Research Highlights about Depression
- Assessing Suicide Risk Among Childbearing Women in the U.S. Before and After Giving Birth
NIMH-supported researchers investigated suicide risk among women in the year before and year after giving birth.
- NIMH Addresses Critical Need for Rapid-Acting Interventions for Severe Suicide Risk
NIMH is working to meet the urgent need for rapid-acting suicide prevention interventions by supporting research investigating the feasibility and safety of treatment protocols that have the potential to quickly reduce severe suicide risk in youth and adults.
- Using Mobile Technology to Improve Care for Teens with Depression
In a project funded by the NIMH Small Business Technology Transfer program, researchers are investigating whether mobile technology can be used to create a passive monitoring system that can predict teens’ depressive symptoms and improve the quality of their care.
- Developing Rapid, Accurate Assessment of Mental Disorders, Suicide Risk in Youth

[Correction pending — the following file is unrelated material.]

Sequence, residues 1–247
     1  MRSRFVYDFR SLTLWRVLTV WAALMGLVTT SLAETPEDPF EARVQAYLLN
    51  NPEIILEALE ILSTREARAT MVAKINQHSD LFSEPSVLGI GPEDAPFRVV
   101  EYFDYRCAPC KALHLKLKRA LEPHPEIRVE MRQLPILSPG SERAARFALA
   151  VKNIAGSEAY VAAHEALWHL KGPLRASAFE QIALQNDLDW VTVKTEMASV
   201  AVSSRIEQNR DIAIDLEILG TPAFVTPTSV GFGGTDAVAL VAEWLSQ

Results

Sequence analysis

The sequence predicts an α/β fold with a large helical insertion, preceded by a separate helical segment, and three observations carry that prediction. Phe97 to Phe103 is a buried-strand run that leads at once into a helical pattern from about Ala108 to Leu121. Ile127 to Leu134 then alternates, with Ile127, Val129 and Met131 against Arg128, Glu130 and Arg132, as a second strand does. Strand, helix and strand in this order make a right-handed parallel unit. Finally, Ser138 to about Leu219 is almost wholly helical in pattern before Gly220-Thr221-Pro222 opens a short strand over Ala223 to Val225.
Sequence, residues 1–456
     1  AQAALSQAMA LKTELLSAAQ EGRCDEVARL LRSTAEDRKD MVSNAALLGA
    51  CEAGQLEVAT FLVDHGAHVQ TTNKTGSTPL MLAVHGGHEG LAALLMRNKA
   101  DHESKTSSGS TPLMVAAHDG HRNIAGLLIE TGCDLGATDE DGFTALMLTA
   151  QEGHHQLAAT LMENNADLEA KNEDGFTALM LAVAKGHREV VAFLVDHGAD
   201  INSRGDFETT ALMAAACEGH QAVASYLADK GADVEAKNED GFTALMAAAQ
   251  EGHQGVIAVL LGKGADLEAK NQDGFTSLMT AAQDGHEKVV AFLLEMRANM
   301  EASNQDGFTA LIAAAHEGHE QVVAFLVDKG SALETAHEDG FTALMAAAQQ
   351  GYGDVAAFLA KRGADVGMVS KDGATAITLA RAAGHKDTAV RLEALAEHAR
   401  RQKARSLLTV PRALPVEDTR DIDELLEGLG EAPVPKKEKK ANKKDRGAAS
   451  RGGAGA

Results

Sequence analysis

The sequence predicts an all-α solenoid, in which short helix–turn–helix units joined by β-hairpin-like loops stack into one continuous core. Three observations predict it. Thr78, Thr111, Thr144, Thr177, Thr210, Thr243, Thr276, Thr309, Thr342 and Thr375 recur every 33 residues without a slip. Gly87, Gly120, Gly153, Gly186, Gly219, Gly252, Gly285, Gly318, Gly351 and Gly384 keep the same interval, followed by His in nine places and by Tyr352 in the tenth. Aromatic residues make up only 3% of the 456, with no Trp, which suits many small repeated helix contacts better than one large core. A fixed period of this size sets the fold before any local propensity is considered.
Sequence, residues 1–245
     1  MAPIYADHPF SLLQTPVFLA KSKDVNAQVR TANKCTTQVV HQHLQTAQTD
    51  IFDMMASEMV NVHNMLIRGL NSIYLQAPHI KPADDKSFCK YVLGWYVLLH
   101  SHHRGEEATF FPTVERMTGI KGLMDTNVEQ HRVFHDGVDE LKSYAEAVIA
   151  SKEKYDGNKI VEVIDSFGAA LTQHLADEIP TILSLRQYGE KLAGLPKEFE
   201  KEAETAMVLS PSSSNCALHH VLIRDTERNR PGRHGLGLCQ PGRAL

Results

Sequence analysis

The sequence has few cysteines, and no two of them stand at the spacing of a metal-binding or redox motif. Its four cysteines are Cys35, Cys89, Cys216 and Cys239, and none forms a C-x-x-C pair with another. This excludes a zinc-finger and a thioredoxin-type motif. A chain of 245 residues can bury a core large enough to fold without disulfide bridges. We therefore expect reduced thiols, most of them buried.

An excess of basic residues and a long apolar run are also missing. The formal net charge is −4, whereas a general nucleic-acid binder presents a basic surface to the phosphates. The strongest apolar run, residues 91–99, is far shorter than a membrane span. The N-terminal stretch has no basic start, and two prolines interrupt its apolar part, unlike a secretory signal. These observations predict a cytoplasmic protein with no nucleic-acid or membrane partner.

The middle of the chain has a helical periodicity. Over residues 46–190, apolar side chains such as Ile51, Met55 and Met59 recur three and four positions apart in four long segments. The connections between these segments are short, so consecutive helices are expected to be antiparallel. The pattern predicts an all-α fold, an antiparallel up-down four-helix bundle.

For many adults who have a mental disorder, symptoms were present—but often not recognized or addressed—in childhood and adolescence. Early treatment can help prevent more severe, lasting impairment or disability as a child grows up.
- Combined Electroconvulsive Therapy and Venlafaxine a Well-Tolerated Depression Treatment for Older Adults
The use of right unilateral ultrabrief pulse (RUL-UB) electroconvulsive therapy (ECT) in combination with the antidepressant venlafaxine to treat depression in elderly patients is well tolerated and results in minimal neurocognitive side effects, according to a new NIH-funded study published in the American Journal of Geriatric Psychiatry.